If DU reports errors it cannot fix, then you will need Disk Warrior and/or Tech Tool Pro to repair the drive. If you don't have either of them or if neither of them can fix the drive, then you will need to reformat the drive and reinstall OS X.

     

    Step Two: Remove the old drive and install the new drive.  Place the old drive in an external USB enclosure.  You can buy one at OWC who is also a good vendor for drives.

     

    Step Three: Boot from the external drive.  Restart the computer and after the chime press and hold down the OPTION key until the boot manager appears.  Select the icon for the external drive then click on the downward pointing arrow button.

     

    Step Four: New Hard Drive Preparation

     

      1. Open Disk Utility in your Utilities folder.

     

      2. After DU loads select your new hard drive (this is the entry with the

          mfgr.'s ID and size) from the left side list. Note the SMART status of

          the drive in DU's status area.  If it does not say "Verified" then the drive

          is failing or has failed and will need replacing.  Otherwise, click on the

          Partition tab in the DU main window.

     

      3. Under the Volume Scheme heading set the number of partitions from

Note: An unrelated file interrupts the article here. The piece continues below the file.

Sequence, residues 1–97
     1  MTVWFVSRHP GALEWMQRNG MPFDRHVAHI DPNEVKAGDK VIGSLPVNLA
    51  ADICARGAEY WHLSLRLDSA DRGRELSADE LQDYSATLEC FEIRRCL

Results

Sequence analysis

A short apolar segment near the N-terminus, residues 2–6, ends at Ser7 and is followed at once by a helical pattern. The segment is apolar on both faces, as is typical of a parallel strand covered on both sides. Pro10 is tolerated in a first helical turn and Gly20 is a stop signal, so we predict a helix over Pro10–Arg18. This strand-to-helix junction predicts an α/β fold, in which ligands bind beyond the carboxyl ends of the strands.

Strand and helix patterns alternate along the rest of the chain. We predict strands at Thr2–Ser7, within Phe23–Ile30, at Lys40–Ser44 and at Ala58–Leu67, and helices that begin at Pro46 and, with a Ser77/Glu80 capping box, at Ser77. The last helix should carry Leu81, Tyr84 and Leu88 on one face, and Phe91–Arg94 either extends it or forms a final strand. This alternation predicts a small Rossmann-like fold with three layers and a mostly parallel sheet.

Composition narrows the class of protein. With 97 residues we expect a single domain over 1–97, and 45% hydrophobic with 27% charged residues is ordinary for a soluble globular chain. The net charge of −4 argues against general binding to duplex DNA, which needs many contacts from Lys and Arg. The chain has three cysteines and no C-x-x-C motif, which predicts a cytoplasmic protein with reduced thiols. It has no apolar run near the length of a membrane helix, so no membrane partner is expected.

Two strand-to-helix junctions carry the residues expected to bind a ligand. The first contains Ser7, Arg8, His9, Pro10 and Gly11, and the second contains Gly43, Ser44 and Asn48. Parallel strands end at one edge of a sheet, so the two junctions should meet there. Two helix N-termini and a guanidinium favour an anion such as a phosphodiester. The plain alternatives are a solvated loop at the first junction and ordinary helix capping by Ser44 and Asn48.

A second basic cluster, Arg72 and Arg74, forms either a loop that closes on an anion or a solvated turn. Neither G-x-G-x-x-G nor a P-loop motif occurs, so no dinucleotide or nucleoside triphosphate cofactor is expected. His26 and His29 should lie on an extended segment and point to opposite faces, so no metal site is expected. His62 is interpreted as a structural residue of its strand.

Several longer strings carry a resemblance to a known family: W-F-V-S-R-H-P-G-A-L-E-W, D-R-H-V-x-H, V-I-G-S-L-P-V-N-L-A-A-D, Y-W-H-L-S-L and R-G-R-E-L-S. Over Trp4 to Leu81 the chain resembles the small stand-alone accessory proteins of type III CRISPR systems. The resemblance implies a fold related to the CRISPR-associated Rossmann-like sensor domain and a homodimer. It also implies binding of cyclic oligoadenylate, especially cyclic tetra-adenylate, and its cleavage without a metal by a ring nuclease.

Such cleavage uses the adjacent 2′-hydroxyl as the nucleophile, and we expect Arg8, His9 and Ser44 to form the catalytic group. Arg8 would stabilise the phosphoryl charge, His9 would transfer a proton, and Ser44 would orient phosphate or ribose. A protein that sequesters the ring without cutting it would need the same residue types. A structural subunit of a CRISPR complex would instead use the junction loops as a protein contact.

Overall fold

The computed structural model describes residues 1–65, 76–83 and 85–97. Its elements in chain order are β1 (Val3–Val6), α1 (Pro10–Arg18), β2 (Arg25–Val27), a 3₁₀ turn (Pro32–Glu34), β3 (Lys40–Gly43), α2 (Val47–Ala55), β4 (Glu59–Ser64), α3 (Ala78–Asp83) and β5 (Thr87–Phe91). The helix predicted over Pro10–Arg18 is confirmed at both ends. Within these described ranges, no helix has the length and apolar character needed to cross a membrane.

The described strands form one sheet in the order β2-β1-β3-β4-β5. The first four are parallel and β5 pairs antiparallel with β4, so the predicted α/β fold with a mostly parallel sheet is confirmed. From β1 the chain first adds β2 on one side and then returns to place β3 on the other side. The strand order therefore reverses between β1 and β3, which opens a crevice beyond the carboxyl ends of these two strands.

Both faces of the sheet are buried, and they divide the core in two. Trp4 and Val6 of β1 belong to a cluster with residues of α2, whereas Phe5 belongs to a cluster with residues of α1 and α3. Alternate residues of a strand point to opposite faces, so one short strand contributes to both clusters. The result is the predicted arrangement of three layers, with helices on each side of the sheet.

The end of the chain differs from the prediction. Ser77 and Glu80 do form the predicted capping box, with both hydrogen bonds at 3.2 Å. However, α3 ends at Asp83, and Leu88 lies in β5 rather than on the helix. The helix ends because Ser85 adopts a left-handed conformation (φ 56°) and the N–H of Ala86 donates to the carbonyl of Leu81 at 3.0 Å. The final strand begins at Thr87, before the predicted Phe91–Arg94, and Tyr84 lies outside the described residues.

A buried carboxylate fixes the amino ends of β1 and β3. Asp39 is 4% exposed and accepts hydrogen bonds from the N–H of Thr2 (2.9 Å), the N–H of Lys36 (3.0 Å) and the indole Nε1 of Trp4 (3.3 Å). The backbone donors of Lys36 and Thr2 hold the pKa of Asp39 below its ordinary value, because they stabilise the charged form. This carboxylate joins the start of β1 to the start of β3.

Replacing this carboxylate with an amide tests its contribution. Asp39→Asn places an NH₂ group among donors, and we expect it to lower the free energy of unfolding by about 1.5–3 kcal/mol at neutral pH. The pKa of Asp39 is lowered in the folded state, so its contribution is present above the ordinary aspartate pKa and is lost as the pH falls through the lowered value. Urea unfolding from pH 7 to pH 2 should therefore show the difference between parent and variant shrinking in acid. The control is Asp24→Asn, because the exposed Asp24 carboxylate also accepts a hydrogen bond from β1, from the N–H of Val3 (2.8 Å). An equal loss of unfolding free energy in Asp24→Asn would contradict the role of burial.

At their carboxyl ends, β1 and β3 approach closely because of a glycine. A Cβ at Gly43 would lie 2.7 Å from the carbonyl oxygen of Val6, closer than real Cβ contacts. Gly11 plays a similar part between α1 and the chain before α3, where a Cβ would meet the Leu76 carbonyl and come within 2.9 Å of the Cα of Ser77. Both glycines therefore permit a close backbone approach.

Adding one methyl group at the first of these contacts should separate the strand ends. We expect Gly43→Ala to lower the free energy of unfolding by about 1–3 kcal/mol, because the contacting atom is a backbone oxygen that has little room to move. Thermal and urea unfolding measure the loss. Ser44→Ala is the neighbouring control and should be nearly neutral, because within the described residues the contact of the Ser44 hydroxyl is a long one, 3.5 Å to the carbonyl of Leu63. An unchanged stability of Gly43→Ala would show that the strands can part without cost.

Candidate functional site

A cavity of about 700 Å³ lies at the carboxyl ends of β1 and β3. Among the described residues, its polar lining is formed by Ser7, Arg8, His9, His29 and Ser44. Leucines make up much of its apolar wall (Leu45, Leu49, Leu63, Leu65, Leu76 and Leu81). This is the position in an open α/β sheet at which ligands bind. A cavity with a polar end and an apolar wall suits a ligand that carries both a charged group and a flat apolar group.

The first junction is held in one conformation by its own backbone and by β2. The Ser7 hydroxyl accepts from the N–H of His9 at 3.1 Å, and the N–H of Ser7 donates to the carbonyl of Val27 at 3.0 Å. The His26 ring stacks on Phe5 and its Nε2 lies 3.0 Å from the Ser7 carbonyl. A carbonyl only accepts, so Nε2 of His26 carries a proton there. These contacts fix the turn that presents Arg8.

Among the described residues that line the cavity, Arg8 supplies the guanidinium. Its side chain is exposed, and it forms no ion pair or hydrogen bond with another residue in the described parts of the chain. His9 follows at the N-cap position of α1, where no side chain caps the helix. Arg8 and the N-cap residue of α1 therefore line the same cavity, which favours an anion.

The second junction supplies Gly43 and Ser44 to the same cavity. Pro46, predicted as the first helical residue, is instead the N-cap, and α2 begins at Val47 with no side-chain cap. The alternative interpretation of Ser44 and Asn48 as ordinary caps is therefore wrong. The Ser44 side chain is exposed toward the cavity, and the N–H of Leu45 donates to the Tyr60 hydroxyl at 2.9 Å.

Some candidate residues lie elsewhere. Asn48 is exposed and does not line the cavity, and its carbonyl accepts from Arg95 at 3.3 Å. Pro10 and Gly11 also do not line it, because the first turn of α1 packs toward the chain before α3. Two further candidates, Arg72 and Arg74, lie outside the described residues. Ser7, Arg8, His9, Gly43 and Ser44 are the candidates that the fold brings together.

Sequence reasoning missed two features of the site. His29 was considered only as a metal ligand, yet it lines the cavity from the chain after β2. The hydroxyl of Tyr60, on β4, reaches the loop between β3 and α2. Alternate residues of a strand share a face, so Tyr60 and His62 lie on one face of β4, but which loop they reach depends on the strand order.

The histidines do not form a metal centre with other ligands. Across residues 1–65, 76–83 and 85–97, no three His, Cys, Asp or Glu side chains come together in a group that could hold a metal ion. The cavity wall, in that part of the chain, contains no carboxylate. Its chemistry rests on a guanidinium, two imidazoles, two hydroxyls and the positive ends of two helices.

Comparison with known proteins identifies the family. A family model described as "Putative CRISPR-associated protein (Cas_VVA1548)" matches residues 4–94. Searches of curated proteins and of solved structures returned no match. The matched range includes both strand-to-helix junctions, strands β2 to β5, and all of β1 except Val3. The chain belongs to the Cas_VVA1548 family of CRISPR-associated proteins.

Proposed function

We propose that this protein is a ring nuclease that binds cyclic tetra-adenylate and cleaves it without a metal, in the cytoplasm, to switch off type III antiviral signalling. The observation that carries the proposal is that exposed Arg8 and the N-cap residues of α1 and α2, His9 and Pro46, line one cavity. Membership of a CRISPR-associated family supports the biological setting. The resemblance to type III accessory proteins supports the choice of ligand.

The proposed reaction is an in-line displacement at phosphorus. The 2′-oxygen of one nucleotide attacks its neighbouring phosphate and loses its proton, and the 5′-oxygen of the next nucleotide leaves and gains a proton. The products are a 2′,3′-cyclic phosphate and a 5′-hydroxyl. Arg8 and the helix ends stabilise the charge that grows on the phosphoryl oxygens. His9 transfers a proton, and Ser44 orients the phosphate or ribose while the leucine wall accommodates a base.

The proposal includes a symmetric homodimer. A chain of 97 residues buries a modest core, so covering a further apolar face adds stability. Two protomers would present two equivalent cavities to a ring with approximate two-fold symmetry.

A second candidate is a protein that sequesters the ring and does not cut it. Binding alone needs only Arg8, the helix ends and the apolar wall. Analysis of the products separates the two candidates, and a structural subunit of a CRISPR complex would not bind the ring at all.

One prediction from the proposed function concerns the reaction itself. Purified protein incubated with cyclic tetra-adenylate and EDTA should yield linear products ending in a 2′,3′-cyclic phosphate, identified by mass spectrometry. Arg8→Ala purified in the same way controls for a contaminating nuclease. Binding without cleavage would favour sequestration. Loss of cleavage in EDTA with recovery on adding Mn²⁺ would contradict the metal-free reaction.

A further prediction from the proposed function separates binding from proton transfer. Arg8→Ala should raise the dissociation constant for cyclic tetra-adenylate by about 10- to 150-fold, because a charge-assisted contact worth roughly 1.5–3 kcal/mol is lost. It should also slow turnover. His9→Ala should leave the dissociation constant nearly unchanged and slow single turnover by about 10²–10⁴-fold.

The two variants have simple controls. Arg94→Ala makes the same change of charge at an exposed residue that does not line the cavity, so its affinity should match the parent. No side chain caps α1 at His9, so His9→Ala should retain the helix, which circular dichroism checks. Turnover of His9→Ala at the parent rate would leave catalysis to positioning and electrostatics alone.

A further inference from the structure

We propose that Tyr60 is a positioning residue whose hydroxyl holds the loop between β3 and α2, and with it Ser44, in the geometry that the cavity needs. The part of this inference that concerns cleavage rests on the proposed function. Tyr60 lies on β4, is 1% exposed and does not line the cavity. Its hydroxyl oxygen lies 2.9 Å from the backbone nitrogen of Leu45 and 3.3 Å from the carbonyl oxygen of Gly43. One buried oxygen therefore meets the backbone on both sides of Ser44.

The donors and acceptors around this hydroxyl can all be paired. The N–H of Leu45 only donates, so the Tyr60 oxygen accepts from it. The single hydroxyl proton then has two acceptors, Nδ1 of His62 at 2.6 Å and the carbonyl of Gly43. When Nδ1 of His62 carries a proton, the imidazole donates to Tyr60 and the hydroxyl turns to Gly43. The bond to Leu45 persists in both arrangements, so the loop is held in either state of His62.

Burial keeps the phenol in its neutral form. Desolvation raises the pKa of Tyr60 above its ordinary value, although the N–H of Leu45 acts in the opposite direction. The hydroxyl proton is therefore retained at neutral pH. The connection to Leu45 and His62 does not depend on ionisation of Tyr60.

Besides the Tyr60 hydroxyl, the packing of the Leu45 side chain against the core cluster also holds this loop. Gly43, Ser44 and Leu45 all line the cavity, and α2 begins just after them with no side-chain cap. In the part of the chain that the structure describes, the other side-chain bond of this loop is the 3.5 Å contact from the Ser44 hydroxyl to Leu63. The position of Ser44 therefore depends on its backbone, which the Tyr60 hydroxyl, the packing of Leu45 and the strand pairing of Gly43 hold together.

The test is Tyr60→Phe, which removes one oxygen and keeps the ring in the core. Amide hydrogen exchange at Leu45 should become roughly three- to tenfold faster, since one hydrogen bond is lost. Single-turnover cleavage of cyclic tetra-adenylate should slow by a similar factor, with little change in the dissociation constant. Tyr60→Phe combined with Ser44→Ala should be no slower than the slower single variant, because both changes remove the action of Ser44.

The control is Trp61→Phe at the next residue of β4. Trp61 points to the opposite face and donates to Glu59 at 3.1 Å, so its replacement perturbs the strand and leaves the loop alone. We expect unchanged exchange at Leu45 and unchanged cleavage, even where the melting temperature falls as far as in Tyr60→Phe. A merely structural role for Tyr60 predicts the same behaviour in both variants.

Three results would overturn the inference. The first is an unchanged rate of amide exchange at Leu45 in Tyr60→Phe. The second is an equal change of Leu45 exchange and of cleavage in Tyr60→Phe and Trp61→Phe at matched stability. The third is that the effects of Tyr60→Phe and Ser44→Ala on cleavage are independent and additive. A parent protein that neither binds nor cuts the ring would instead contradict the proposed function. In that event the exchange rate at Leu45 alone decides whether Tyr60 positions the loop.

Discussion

the drop down menu to one. Set the format type to Mac OS Extended

          (Journaled.) Click on the Options button, set the partition scheme to

          GUID  then click on the OK button. Click on the Partition button and

          wait until the process has completed.

     

      4. Select the volume you just created (this is the sub-entry under the

          drive entry) from the left side list. Click on the Erase tab in the DU main

          window.

     

      5. Set the format type to Mac OS Extended (Journaled.) Click on the

          Options button, check the button for Zero Data and click on OK to

          return to the Erase window.

     

      6. Click on the Erase button. The format process can take up to several

          hours depending upon the drive size.

     

    Step Five: Clone the old drive to the new drive

     

      1. Open Disk Utility from the Utilities folder.

      2. Select the destination volume from the left side list.

      3. Click on the Restore tab in the DU main window.

      4. Check the box labeled Erase destination.

      5. Select the destination volume from the left side list and drag it to the

          Destination entry field.

      6. Select the source volume from the left side list and drag it to the

          Source entry field.

      7. Double-check you got it right, then click on the Restore button.

     

    Destination means the new internal drive. Source means the old external drive.

     

    Step Six: Open the Startup Disk preferences and select the new internal volume.  Click on the Restart button.  You should boot from the new drive.  Eject the external drive and disconnect it from the computer.